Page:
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Potential dual function of PQ-loop proteins such as cystinosin

  • Vladimir Saudek
    Correspondence
    To whom correspondence should be addressed.
    Affiliations
    From the Wellcome Trust-MRC Institute of Metabolic Science, University of Cambridge Metabolic Research Laboratories, CB2 OQQ Cambridge, United Kingdom
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Open AccessPublished:September 08, 2017DOI:https://doi.org/10.1074/jbc.L117.795278
      Zhang et al. (
      • Zhang J.
      • Johnson J.L.
      • He J.
      • Napolitano G.
      • Ramadass M.
      • Rocca C.
      • Kiosses W.B.
      • Bucci C.
      • Xin Q.
      • Gavathiotis E.
      • Cuervo A.M.
      • Cherqui S.
      • Catz S.D.
      Cystinosin, the small GTPase Rab11, and the Rab7 effector RILP regulate intracellular trafficking of the chaperone-mediated autophagy receptor LAMP2A.
      ) demonstrate convincingly that cystinosin has a dual function. In addition to its low-molecular-weight solute transport, it participates in small GTPase-regulated vesicle trafficking and lysosomal localization of LAMP2A, a protein regulating chaperone-mediated autophagy. If cystinosin is absent or impaired, LAMP2A is mislocalized. Such a protein-trafficking function has been suggested previously, based on a bioinformatics analysis (
      • Saudek V.
      Cystinosin, MPDU1, SWEETs, and KDELR belong to a well-defined protein family with putative function of cargo receptors involved in vesicle trafficking.
      ). Cystinosin belongs to a diverse family of homologous proteins named PQ-loop (
      • Saudek V.
      Cystinosin, MPDU1, SWEETs, and KDELR belong to a well-defined protein family with putative function of cargo receptors involved in vesicle trafficking.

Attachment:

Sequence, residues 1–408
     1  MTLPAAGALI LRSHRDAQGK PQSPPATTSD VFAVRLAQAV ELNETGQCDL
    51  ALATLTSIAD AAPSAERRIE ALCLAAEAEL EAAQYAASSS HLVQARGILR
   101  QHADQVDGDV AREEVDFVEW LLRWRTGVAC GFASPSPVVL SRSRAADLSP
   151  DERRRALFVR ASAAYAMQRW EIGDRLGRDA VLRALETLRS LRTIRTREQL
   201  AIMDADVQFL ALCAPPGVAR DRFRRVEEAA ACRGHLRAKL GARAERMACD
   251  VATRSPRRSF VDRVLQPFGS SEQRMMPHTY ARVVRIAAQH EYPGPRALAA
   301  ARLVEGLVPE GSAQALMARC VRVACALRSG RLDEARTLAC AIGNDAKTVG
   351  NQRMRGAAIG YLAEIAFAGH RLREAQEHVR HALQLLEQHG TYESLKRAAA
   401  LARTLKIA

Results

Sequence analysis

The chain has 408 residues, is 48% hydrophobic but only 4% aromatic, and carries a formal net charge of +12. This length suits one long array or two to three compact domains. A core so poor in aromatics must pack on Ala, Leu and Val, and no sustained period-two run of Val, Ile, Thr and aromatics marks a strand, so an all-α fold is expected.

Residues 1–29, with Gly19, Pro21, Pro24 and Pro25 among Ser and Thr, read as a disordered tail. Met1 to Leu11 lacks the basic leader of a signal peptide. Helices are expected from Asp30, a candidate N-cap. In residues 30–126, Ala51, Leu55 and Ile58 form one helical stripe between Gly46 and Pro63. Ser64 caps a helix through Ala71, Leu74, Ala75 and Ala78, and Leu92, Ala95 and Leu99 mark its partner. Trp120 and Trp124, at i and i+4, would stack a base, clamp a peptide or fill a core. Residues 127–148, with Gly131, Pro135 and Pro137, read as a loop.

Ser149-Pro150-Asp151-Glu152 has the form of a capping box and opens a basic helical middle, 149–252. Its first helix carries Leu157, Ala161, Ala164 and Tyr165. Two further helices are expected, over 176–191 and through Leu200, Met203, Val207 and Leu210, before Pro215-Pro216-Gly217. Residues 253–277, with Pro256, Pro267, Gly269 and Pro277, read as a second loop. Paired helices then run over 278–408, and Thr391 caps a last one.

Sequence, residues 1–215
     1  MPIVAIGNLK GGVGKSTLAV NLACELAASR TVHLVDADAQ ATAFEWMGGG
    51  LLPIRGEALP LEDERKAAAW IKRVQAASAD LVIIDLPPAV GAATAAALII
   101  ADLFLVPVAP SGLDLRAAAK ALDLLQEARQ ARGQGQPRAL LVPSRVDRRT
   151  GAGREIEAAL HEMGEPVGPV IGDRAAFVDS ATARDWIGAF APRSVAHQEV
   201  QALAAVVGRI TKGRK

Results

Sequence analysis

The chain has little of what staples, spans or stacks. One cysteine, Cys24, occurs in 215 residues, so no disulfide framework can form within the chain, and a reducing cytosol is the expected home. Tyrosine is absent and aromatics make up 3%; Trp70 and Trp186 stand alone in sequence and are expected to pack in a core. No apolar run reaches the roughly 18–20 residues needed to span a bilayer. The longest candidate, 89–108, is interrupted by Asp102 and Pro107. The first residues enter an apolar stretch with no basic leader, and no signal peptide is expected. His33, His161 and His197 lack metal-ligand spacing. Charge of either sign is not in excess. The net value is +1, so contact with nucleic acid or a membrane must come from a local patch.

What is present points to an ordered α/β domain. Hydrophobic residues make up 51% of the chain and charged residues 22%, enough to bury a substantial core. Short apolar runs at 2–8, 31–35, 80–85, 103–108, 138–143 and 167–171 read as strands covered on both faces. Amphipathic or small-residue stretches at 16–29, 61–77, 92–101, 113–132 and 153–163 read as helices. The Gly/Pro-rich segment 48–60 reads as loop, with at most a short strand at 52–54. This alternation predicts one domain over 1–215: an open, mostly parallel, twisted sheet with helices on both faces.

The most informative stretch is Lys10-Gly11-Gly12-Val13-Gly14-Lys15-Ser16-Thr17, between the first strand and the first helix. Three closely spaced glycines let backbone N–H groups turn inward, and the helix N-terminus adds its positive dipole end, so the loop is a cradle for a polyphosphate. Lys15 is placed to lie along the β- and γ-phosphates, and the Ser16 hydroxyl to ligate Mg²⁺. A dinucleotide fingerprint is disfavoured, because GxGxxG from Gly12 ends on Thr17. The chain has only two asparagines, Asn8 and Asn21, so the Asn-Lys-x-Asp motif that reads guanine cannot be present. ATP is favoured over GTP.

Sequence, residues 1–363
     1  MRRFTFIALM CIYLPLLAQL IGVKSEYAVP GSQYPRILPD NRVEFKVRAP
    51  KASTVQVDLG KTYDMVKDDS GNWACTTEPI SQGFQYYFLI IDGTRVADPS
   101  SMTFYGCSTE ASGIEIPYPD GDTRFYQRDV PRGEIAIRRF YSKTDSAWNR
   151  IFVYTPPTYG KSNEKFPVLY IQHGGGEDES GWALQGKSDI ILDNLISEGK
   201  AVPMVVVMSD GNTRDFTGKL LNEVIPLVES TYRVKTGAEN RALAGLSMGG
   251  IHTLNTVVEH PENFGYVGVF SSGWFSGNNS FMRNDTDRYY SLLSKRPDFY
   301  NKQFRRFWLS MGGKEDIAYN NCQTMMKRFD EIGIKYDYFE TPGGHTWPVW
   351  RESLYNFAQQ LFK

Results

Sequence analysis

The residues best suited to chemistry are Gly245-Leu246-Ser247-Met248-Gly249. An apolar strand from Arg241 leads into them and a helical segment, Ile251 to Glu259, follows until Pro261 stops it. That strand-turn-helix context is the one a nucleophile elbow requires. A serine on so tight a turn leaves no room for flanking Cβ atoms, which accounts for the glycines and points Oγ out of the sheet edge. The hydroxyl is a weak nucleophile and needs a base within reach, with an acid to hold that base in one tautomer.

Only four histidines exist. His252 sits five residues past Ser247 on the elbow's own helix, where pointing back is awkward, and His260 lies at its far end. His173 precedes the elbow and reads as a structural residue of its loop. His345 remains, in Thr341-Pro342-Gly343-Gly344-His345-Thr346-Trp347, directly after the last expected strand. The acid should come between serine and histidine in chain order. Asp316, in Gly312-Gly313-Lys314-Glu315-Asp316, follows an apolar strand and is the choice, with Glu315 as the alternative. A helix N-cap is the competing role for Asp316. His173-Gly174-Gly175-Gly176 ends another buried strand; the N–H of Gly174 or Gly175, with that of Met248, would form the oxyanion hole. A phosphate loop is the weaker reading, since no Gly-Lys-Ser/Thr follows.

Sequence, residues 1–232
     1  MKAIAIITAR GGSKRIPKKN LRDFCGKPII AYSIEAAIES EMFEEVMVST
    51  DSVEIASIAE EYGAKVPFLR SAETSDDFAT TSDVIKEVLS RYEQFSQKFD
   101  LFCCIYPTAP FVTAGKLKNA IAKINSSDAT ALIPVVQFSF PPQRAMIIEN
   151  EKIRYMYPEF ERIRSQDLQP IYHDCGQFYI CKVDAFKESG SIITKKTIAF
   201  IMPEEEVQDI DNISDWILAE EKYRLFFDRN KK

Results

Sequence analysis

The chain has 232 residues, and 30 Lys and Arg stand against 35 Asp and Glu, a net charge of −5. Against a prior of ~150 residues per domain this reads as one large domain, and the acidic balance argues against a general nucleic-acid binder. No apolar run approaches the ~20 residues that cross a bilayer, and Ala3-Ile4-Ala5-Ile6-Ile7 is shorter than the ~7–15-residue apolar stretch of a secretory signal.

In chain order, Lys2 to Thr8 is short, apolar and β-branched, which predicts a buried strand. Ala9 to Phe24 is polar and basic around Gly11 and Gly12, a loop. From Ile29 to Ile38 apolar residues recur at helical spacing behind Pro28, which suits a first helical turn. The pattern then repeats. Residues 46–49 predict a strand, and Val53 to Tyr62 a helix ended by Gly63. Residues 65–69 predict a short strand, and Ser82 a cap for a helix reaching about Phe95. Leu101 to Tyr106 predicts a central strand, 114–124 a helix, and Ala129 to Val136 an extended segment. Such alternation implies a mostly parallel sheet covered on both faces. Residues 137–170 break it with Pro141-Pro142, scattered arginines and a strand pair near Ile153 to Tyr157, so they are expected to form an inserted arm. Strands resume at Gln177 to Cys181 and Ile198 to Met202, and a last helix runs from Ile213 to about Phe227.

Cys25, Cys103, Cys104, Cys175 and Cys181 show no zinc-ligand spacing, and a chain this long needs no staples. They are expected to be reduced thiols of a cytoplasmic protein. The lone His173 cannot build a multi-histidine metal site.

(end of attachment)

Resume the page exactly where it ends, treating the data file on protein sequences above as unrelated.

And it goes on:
). Some of the members have been shown to be solute transporters, e.g. plant SWEETs (
      • Chen L.Q.
      • Hou B.H.
      • Lalonde S.
      • Takanaga H.
      • Hartung M.L.
      • Qu X.Q.
      • Guo W.J.
      • Kim J.G.
      • Underwood W.
      • Chaudhuri B.
      • Chermak D.
      • Antony G.
      • White F.F.
      • Somerville S.C.
      • Mudgett M.B.
      • Frommer W.B.
      Sugar transporters for intercellular exchange and nutrition of pathogens.
      ); others have been shown to be protein cargo receptors in vesicle trafficking, e.g. KDEL receptors (
      • Capitani M.
      • Sallese M.
      The KDEL receptor: New functions for an old protein.
      ). The molecular functions of many of them, e.g. MPDU1 and CLPT1L, have not yet been found despite their involvement in important biological processes. The cargo-trafficking function has been described for mammalian SWEET1, alias RAG1AP1 (
      • Stokes A.J.
      • Wakano C.
      • Del Carmen K.A.
      • Koblan-Huberson M.
      • Turner H.
      Formation of a physiological complex between TRPV2 and RGA protein promotes cell surface expression of TRPV2.
      ), although not noticed when its solute transport was later discovered (
      • Chen L.Q.
      • Hou B.H.
      • Lalonde S.
      • Takanaga H.
      • Hartung M.L.
      • Qu X.Q.
      • Guo W.J.
      • Kim J.G.
      • Underwood W.
      • Chaudhuri B.
      • Chermak D.
      • Antony G.
      • White F.F.
      • Somerville S.C.
      • Mudgett M.B.
      • Frommer W.B.
      Sugar transporters for intercellular exchange and nutrition of pathogens.
      ). The most recent discovery of this dual function in cystinosin (
      • Zhang J.
      • Johnson J.L.
      • He J.
      • Napolitano G.
      • Ramadass M.
      • Rocca C.
      • Kiosses W.B.
      • Bucci C.
      • Xin Q.
      • Gavathiotis E.
      • Cuervo A.M.
      • Cherqui S.
      • Catz S.D.
      Cystinosin, the small GTPase Rab11, and the Rab7 effector RILP regulate intracellular trafficking of the chaperone-mediated autophagy receptor LAMP2A.
      ) suggests that it could be a general property of many other family members and should always be considered when investigating these important proteins. It could turn out to be particularly relevant for KDEL receptors that show several activities independent of their receptor function (
      • Capitani M.
      • Sallese M.
      The KDEL receptor: New functions for an old protein.
      ).

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